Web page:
Alfredo Jaar’s show at Yorkshire Sculpture Park, Wakefield, forces truth and images to confront each other
On 9 October, the Guardian newspaper ran an interactive article exposing a series of declassified documents that extensively detailed the design and the condition of ‘black sites’ run by the CIA. Across the world – in Guantanamo Bay, Afghanistan, Romania, Thailand, among others – these facilities are used to brutally interrogate, detain and torture. Less than a week later, Yorkshire Sculpture Park unveiled a major new installation by Alfredo Jaar, The Garden of Good and Evil (2017), as part of the artist’s current solo exhibition. For Jaar, who refers to himself as a ‘frustrated journalist’, The Garden of Good and Evil is the culmination of his research into black sites: landscapes of extreme physical and political injustice. The garden is comprised of 101 evergreen trees in simple wooden planters. Nine steel cells are obscured within the grove. Jaar infuses mathematical rigour, each of the planters and the cells all measure one square metre, with evocative poeticism: the size inspired by Palestinian exile Mahmoud Darwish’s poem ‘One Square Metre of Prison’. The cold, objective rationality of minimalism is combined with a quiet, subjective urgency. Human presence is imperative. The viewer is implicated in their act of witnessing, encouraged to explore the grove in order to find the hidden cells. This element of discovery will perhaps be realized most effectively when the installation is planted in YSP’s grounds after the exhibition closes in 2018.
The oscillation between poignancy and precision, the artist and the architect, is clear in A Hundred Times Nguyen (1994), which Jaar created in response to the mass incarceration of Vietnamese refugees in Hong Kong detention centres in the early 1990s. Despite taking 1,378 photographs while in Hong Kong, Jaar focuses on one individual, a young girl, Nguyen Thi Thuy, in order to convey the scale of oppression. Four photographs of Nguyen facing the camera, her emotions moving from candid to self aware, are rearranged in 24 different sequences, and also appear in book form and on a rolling video channel. A Hundred Times Nguyen short-circuits the constant assault of violent images that often dominate mainstream media.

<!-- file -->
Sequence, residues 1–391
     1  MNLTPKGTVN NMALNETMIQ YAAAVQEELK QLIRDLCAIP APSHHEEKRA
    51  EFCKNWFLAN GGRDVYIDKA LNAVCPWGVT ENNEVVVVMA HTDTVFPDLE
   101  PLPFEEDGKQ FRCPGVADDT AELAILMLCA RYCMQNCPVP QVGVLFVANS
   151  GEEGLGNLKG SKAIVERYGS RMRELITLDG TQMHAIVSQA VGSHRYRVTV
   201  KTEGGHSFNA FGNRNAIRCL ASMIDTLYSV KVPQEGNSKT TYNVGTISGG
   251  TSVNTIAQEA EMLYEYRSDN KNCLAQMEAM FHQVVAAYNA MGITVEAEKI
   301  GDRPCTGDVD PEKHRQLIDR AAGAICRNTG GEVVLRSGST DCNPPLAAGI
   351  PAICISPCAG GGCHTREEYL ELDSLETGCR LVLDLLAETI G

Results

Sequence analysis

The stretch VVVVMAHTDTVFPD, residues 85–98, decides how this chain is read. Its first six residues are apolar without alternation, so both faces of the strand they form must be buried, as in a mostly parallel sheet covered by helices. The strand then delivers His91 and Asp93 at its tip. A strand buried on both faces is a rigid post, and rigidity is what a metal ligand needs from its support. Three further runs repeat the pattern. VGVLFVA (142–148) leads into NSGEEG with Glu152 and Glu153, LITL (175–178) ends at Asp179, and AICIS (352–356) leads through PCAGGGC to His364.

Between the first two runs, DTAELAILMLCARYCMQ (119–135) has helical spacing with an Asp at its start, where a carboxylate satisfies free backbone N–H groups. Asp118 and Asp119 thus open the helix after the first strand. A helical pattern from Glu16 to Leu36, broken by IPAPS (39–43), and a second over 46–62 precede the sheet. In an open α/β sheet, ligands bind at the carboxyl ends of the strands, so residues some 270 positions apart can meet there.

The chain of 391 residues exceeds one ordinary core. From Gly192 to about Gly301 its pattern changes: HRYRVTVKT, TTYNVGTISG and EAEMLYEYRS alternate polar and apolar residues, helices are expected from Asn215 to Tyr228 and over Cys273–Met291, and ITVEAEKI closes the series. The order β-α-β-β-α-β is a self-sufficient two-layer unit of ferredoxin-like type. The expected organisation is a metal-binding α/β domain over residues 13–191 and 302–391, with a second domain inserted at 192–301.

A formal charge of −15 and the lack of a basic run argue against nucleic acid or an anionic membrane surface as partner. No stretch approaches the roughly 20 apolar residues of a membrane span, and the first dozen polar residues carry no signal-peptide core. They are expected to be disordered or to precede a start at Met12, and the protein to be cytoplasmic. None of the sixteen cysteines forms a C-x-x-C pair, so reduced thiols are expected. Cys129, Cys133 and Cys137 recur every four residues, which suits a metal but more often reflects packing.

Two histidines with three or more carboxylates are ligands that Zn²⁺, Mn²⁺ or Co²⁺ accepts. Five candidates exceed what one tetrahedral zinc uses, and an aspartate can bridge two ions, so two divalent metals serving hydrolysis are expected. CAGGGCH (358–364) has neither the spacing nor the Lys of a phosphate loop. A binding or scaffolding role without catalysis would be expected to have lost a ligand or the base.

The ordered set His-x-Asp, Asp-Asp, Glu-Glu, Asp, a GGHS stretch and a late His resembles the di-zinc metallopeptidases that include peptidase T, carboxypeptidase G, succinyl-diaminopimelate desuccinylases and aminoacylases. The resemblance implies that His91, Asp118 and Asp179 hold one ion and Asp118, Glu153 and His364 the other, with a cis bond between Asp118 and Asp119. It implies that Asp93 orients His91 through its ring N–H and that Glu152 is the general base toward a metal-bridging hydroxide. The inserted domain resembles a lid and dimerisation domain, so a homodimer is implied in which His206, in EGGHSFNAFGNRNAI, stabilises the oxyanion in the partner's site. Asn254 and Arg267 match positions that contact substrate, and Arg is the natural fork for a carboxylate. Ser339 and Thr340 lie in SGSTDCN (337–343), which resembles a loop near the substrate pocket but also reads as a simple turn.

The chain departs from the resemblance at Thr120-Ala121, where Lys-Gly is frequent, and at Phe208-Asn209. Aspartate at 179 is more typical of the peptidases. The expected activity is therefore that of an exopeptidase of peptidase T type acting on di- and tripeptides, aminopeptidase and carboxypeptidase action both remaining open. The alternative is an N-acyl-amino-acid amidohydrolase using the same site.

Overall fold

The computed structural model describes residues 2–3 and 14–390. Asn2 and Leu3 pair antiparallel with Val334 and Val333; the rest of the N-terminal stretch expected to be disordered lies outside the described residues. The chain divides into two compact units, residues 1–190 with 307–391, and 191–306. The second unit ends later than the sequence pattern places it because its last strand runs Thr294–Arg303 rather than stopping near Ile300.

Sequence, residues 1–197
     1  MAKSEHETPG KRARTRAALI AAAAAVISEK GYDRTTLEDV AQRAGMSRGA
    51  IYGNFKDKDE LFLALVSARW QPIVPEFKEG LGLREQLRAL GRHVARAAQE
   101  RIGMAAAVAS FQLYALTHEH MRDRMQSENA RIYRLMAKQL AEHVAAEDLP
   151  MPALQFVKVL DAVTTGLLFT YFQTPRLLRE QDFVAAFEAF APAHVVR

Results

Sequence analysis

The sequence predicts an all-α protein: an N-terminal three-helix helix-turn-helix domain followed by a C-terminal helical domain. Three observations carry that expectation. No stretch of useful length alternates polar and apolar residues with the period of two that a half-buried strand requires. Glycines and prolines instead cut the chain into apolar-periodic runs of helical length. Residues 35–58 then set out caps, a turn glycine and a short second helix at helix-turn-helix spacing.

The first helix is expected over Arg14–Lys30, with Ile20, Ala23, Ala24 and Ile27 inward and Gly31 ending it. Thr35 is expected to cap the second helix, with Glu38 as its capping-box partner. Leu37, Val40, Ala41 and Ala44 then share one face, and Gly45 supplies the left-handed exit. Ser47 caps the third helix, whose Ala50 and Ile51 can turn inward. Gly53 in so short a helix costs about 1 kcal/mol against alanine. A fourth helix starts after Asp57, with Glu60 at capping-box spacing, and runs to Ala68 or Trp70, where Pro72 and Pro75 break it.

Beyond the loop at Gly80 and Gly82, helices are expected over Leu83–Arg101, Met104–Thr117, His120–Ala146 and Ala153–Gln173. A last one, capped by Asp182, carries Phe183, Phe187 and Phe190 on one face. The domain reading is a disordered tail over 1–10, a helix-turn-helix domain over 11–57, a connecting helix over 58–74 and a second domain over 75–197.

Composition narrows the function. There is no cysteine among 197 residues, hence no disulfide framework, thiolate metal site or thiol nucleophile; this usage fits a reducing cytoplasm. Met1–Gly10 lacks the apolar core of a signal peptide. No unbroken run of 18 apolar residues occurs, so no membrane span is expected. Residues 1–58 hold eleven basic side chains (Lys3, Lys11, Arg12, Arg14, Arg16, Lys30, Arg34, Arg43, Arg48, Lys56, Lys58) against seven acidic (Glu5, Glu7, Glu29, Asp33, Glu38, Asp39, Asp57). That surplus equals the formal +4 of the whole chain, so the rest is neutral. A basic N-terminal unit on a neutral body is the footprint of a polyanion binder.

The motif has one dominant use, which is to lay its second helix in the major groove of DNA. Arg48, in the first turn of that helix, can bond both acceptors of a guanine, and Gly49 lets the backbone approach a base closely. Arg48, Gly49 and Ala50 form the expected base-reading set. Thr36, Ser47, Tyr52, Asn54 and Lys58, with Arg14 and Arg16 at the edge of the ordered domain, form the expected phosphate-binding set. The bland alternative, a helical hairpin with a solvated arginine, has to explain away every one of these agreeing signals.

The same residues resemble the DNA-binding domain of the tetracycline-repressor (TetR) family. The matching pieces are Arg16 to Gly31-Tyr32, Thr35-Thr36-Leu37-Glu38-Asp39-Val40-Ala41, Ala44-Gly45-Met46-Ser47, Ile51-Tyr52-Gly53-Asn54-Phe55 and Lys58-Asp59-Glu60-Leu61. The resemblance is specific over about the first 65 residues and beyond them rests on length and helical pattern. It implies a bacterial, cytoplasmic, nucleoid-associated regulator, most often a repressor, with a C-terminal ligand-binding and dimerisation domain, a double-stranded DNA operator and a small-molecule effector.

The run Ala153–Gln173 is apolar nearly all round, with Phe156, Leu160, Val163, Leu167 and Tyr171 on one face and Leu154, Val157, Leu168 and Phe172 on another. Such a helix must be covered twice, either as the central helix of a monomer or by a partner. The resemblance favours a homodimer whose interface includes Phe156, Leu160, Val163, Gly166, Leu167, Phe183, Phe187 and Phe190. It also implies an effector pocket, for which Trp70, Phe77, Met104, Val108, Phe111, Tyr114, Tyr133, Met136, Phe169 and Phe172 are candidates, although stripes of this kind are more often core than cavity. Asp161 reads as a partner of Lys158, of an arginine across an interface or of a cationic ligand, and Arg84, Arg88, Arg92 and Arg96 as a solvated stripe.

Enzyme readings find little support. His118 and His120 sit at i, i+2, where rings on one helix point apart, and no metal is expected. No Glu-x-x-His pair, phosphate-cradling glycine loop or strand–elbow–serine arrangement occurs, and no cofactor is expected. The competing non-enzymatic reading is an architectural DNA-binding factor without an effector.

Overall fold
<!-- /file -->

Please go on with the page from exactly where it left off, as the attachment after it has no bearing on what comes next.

Jaar is motivated by the desire to convey ideas through visual information. His unique visual language is challenging, producing active images that speak and demand to be read. This is particularly apposite in the controlled viewing environment created for the eight-minute film The Sound of Silence (2006). A small theatre space – the exterior walls covered in almost-blinding LED light strips – has been built to tell the story of a single image. Due to the chronology of the film sequence, the viewer can only enter when a green light illuminates. A silent projection of rolling text tells the story of Kevin Carter’s infamous ‘Starving Child and Vulture’ photograph, which was taken during the 1993 Sudan famine. The narrative wrestles with ideas of suffering, grief, and ethical responsibility. We only see Carter’s image for a fraction of second; first we are startled and objectified by the unexpected flashing of multiple cameras installed next to the screen, before it appears. In an age in which we are overwhelmed with ambiguous images, the experience, so explicit, so exacting, is winding.
In Shadows (2014), which follows The Sound of Silence in an ongoing trilogy, Jaar introduces his audience to another harrowing photographic series. In a dark viewing space, Jaar has installed seven light boxes, each of which show a photograph from a series taken by the Dutch photojournalist Koen Wessing in 1978 in Esteli, Nicaragua. Jaar’s selection tells the narrative of two daughters’ reaction to their father’s murder by Nicaraguan National Guardsmen. This metaphorical and literal illumination, this specific focus, is explored more conceptually in the adjacent space. The photograph of the daughters performing a wild, expressive dance of grief is blown up into a large-scale projection. The image slowly fades, gradually reduced into the outline of their two bodies, finally melting into a cut out of searing white-hot light.
When Jaar does use words, he borrows them from other sources. Visitors are encouraged to take a large poster away with them, emblazoned with the phrase ‘YOU DO NOT TAKE A PHOTOGRAPH, YOU MAKE IT.’ Jaar calls for greater consciousness and responsibility, reminding us that the perceived veracity of images needs to be interrogated. Two neon text works also bookend the exhibition - I Can't Go On I'll Go On (2016) and Be Afraid of the Enormity of the Possible (2015), borrowed from Samuel Beckett and Romanian writer Emil Cioran respectively. The quotes encourage a form of pessimism as passion, forging solidarity, resilience and wilful optimism. Jaar forces us to see, to confront, and to try to understand.
Main image: Alfredo Jaar, The Garden of Good and Evil, 2017, installation view, Yorkshire Sculpture Park, Wakefield. Courtesy: the artist, a/political, London and Yorkshire Sculpture Park, Wakefield; ; photograph: © Jonty Wilde